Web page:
In recent years, NOAA’s Office of Response and Restoration (OR&R) has turned its focus to the remote Arctic region of Alaska due to proposals to increase oil and gas exploration and production there.
The environment above the Yukon River and beyond the vast Brooks Range is warming rapidly. Scientists estimate that by 2020-2030, the Arctic Ocean will be free of multi-year ice in the summer, increasing opportunities for maritime transportation, tourism, and oil and gas exploration.
The likelihood of hazards will also increase as access to Arctic oil reserves becomes easier.
Shoreline erosion and the long-term effects of climate change will also affect the stability and safety of communities in the Arctic region. Oil pipelines and other infrastructure located in permafrost will become less stable, also increasing the risk of spills. The potential expense—in terms of damage to fisheries, to wildlife, and to the formerly pristine environment—could be staggering.
“The Arctic’s remoteness, its gale-force winds, lengthy periods of darkness, and lack of infrastructure combine to make any efforts to manage its resources and protect the environment extra challenging,” says Fran Ulmer, chair of the U.S. Arctic Research Commission. “It’s essential that we develop the right technologies and techniques to reduce risk and proceed cautiously in the largest expanse of wilderness currently under our care.”
For this reason, OR&R is working with the oil and gas industry, international governments, the University of Alaska, University of New Hampshire, University of Rhode Island, and the Prince William Sound Oil Spill Recovery Institute to understand and prepare for any future spills in the Arctic.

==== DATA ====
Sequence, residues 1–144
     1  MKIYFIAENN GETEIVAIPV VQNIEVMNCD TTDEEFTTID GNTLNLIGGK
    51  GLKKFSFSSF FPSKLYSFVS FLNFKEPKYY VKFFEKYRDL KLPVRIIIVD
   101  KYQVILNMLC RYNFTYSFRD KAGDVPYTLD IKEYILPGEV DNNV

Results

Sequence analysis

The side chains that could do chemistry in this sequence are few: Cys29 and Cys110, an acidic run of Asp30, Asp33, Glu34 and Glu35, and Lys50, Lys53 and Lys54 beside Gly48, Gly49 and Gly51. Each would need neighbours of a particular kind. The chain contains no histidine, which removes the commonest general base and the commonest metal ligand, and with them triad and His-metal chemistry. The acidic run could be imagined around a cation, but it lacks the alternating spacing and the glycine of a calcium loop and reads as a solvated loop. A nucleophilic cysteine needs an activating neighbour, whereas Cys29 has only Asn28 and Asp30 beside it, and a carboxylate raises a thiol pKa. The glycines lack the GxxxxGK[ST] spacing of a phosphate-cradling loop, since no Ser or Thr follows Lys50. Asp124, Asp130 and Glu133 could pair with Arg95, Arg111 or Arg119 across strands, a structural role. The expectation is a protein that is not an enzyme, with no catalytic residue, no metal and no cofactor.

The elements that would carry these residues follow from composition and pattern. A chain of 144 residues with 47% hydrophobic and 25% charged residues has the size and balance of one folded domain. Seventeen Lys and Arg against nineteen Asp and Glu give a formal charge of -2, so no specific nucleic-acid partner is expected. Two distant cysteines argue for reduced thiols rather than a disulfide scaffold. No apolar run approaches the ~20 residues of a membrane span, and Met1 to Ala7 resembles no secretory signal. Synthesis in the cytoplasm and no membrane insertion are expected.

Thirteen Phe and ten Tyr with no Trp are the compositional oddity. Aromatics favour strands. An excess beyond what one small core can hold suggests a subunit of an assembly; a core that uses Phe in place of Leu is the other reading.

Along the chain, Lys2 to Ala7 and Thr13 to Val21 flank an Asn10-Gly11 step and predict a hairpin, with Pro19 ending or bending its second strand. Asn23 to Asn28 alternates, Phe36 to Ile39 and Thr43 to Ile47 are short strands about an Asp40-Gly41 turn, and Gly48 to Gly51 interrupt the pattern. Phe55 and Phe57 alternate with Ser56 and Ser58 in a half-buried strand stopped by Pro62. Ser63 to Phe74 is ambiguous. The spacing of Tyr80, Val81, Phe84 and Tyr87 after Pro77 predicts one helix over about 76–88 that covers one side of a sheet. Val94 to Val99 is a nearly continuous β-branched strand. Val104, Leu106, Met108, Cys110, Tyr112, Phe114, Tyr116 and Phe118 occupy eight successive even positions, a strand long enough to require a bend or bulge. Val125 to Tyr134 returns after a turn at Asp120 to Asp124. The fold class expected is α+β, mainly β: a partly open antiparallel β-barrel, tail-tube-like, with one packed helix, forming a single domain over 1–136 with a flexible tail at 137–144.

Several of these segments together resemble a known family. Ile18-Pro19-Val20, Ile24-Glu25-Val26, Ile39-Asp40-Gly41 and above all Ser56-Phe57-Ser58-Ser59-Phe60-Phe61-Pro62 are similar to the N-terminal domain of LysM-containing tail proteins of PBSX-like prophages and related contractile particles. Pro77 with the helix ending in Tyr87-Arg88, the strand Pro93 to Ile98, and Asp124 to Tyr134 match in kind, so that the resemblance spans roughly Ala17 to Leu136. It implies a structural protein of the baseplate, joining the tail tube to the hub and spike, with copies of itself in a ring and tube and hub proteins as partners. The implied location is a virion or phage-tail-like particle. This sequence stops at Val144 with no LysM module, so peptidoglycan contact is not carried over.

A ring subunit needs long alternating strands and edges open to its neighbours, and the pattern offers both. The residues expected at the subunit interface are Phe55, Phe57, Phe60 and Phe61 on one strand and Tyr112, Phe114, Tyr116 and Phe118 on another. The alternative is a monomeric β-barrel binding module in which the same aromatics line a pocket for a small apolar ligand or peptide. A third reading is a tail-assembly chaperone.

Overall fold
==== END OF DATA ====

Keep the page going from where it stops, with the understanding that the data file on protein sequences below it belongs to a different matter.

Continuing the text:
The stakes are high, says Margaret Williams, managing director for the World Wildlife Fund-US Arctic Program. “The Exxon Valdez spill has been the best studied oil spill in history and scientists have found that even 20 years later, the damage from the spill continues,” she says. “Fishermen’s livelihoods were destroyed, many wildlife and fish populations still haven’t recovered, and the Alaskan economy lost billions of dollars.”
“We have a slogan, ‘Our role is stewardship, our product is science,’ that pretty much explains what OR&R is doing in the Arctic and elsewhere,” says John Whitney, NOAA Scientific Support Coordinator for Alaska. ”We take our work seriously, regardless of the size or severity of the spill, and the results speak for themselves.”
Find out more about our office’s work in the Arctic, from oil spill preparedness to marine debris removal, at http://response.restoration.noaa.gov/arctic [leaves this blog].
For more information on how this office helps protect and revitalize economic interests through environmental response and restoration, read the first part of this series, Solid Returns: Response and Restoration Efforts Create Big Economic Benefits to Coastal Communities.